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As Jacob complained to his wives of the cloudy countenance of Laban, he could also direct them to the Lord's countenance upon himself. In GEN 31:5, we read, "And said unto them, I see your father's countenance, that it is not toward me as before; but the God of my father hath been with me."

We will notice as we go through this life’s journey that the countenance of man will change. The Lord may hide His countenance, and He may show us His displeasure when we sin against Him, but the Lord alters not. In spite of all that Jacob had done in moving to Haran, the land of jealousy, hatred, and bitterness, in spite of all the confusion that the Lord brought upon him, and in spite of all of Jacob’s sin, the Lord’s countenance had not faltered. Jacob said, "the God of my father hath been with me." The Lord does not forsake the work of His own hand. The Lord does not forget the covenant He has made with His people; the Lord remains their God.

God's smiles are our best support under man's frowns. When we go forth in this life and have to entertain the frowns of our fellowman and the fallen countenance of the world, then we notice that God’s smiles are our best support. David said in PSA 56:11, "In God have I put my trust: I will not be afraid what man can do unto me."

The Lord empties us from vessel into vessel, Cf. JER 48:11. This saying uses the illustration of making wine. Grape juice is put in a bottle. It begins to ferment, and the sediment settles to the bottom. As the fermentation takes place, and the sediment settles out, it is emptied into a new vessel. The sediment is left behind. Each time this is done, the sediment becomes smaller and less. Yet, it must be emptied again and again because each time the sediment is left behind, and the result is sweet wine.

This is a most beautiful illustration of God’s work of sanctification. As He begins to work sanctification and puts us in His vessel, we see that the corruption of our heart begins to come under the furnace of affliction. The Lord begins to remove some of the dross and empties us into another vessel, having delivered us from the power of a given sin, only to discover that there is more sin. That sin is in there intermingled with everything that is sweet and is still part of our fallen nature. As the Lord brings us through another trial and another, each time He empties us from vessel into vessel. Each time He empties us a little further because the sediment in the bottom becomes less and less. Sometimes it comes to the point when the Lord begins to empty us that we begin to wonder how empty we can get. The Lord empties us to where there is nothing left of man.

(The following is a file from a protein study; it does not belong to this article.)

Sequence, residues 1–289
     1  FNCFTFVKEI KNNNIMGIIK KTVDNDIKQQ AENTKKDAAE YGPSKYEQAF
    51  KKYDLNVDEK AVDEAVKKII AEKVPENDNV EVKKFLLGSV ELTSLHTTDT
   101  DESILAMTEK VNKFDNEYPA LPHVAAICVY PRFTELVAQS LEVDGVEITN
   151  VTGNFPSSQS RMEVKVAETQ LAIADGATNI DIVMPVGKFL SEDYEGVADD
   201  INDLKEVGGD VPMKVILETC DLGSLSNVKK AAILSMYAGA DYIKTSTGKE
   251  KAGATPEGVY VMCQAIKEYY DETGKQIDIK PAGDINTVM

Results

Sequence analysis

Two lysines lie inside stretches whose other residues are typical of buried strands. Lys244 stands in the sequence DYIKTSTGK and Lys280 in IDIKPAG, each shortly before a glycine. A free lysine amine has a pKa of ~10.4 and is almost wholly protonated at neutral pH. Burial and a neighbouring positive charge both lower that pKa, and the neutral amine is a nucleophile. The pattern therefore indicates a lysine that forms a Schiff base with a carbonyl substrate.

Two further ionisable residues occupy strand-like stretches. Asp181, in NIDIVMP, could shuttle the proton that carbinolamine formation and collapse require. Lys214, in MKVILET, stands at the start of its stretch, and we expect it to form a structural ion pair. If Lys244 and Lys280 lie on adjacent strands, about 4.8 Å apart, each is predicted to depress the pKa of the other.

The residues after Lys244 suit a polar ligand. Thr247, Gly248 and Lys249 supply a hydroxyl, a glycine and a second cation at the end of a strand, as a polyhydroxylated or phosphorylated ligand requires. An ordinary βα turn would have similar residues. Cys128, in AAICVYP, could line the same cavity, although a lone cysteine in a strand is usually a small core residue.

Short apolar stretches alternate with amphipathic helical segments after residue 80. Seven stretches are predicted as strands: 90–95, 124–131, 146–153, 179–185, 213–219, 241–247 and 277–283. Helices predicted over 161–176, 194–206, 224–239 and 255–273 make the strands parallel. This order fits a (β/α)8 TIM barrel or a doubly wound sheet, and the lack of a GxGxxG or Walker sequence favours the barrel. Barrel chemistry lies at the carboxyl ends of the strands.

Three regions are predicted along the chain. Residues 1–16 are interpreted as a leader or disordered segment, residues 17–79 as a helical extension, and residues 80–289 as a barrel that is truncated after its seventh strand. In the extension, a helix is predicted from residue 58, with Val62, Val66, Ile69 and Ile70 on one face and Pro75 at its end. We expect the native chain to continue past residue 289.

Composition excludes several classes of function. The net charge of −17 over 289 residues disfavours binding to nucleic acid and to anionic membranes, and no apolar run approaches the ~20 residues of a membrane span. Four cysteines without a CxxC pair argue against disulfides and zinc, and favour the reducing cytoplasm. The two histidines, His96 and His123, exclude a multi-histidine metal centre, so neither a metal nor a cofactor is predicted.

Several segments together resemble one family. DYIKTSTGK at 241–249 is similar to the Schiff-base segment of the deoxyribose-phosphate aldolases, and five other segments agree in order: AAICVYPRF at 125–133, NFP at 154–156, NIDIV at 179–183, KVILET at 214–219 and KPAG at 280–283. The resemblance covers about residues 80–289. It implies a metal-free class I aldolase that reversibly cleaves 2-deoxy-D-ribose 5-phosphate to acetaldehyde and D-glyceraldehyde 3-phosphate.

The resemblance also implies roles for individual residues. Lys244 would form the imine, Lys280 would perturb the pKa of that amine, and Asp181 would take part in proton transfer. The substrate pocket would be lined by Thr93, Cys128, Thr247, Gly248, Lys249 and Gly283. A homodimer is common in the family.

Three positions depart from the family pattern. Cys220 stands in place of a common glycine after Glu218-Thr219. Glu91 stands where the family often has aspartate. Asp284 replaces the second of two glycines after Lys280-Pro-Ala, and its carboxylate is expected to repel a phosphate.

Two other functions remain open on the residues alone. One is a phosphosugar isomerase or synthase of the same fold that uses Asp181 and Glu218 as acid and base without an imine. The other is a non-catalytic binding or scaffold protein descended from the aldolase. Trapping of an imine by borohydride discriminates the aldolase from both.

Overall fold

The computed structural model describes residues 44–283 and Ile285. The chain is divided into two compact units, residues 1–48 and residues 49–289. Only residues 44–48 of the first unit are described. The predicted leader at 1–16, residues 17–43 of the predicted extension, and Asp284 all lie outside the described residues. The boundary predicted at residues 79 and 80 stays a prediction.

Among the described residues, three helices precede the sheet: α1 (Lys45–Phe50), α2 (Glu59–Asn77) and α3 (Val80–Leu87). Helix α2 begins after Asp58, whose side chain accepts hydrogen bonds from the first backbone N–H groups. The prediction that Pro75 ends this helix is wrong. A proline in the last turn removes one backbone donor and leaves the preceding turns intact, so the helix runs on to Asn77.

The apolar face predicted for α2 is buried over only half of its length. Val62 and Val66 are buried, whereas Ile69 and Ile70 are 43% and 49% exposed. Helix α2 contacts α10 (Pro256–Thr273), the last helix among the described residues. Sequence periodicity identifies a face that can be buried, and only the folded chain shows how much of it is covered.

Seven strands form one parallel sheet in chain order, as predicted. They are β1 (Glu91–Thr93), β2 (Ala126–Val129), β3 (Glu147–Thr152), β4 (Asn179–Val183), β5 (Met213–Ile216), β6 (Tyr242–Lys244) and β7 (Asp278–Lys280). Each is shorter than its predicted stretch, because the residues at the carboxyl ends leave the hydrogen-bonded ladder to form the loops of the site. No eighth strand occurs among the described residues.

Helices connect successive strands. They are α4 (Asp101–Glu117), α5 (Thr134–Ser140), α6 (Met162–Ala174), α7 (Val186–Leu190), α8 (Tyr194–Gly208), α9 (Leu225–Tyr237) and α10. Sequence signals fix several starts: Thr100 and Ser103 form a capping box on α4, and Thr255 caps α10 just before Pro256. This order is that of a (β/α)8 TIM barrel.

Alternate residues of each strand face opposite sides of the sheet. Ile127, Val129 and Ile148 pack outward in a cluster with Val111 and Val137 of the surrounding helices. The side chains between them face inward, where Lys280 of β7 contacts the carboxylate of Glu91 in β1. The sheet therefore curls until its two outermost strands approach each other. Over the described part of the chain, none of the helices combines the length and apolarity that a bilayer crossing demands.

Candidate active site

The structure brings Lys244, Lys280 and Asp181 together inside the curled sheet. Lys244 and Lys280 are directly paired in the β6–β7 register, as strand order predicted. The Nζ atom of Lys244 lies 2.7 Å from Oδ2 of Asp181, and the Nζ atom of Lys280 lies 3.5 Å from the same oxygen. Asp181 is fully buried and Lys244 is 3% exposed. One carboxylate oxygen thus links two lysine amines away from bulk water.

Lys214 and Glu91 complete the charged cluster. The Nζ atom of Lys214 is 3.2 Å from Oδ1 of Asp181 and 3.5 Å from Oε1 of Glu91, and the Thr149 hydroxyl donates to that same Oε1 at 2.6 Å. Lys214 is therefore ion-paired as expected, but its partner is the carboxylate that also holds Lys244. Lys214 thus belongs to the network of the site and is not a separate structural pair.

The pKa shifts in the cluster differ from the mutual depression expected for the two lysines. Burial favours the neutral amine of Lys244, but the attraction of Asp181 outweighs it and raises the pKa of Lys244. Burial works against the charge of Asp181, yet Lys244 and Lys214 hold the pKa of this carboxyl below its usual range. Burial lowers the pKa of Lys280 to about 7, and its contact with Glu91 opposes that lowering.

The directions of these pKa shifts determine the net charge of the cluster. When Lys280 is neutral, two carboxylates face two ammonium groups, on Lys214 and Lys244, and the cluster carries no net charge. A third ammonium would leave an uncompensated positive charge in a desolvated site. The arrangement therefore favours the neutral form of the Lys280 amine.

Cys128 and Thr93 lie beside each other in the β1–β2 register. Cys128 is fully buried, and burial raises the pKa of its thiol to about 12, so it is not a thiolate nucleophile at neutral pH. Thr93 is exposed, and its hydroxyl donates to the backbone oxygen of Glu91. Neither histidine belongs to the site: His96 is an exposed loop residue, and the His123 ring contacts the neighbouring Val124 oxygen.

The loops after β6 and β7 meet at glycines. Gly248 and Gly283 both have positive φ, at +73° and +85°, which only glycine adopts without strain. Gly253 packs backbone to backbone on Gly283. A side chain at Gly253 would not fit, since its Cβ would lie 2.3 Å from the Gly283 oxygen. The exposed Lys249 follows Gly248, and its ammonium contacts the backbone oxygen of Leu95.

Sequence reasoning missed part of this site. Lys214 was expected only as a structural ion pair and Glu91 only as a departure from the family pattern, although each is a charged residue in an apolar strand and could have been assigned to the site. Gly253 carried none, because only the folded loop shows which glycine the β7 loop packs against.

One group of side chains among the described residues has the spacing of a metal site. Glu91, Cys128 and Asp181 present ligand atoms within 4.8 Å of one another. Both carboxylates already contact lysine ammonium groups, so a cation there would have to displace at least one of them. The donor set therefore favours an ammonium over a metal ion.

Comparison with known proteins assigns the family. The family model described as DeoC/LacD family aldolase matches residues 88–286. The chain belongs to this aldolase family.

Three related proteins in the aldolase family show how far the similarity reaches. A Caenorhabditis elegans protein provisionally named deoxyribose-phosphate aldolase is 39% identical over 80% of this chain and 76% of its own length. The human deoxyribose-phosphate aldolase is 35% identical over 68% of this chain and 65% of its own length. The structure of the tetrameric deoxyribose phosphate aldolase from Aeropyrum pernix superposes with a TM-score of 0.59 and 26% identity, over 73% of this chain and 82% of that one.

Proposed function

The Lord has said by David’s mouth in PSA 56:11-12, "In God have I put my trust. [All of our confidence in the flesh is taken away.] I will not be afraid what man can do unto me. Thy vows are upon me, O God: I will render praises unto thee." David made vows, and Jacob made vows, but the Lord also made vows in the covenant that He made with Abraham and the promises to Abraham that were now bestowed upon Jacob. The Lord put His vows upon Jacob. We may also understand that to mean the vows that Jacob made unto the Lord.

The Lord also laid Jacob's vows upon him to urge him on to obedience. The Lord said in

GEN 31:13, "I am the God of Bethel," to remind Jacob how the Lord came and showed him that ladder, coming down to the place where he lay to show him the way of escape through the Lord Jesus Christ. The Lord also let Jacob know that He sat above that ladder. "I am the God of Bethel, where thou anointedst the pillar, and where thou vowedst a vow unto me: now arise, get thee out from this land, and return unto the land of thy kindred [the Promised Land]." God was calling to Jacob to remember his vows. The vows that Jacob made were being called to his remembrance to urge him to obedience. God wanted to see if Jacob was going to live up to his vows.

Jacob may well have saved himself all the anxiety about his wives willingness if he had trusted the Lord to roll away the stones from his path of obedience. The Lord had given him the command to go and reminded him of his vows and of the obedience that he must render to his vows. Jacob wouldn’t have needed to use all the diplomacy and salesmanship with his wives if he had just been able to have a heart that was truly prepared to obey the Lord and perform his vows. If Jacob had only gone forth in simple obedience, he would have had no need for all his subtlety in the way he spoke to his wives.

Take note of GEN 31:4-7. "And Jacob sent and called Rachel and Leah to the field unto his flock, And said unto them, I see your father’s countenance, that it is not toward me as before; but the God of my father hath been with me." See what Jacob is doing wrong here. The Lord Jesus said, "This is my commandment, That ye love one another, as I have loved you," Cf. JOH 15:12. The Lord Jesus covers our sins. Jacob did not have to take the sins of his wives’ father and lay those sins before them. All he had to do was tell them, "The Lord appeared unto me, and this is what the Lord commanded me to do. This is the vow that I have vowed, and the Lord has said to perform my vows." Instead, Jacob takes the nakedness of their father and exposes it.

Jacob continues in verse 6, "And ye know that with all my power I have served your father. And your father hath deceived me, and changed my wages ten times; but God suffered him not to hurt me." Jacob is instilling a wrong attitude in his wives toward their father. Whatever the conduct of their father, it remained Rachel and Leah’s duty to cover his sins rather than to expose the shame of their father as Ham did to Noah, his father. When Ham uncovered the shame of his father, his two brothers put a blanket on their shoulders and walking backward, covered his shame. We are not to uncover another man’s shame. We are not to uncover the shame of our brother. We are to go forward trusting in the Lord and doing the will of God. We are all guilty in these matters. Jacob was so foolish to talk to Rachel and Leah and expose the shame of their father, causing them to do the same. Jacob’s conduct caused them to err.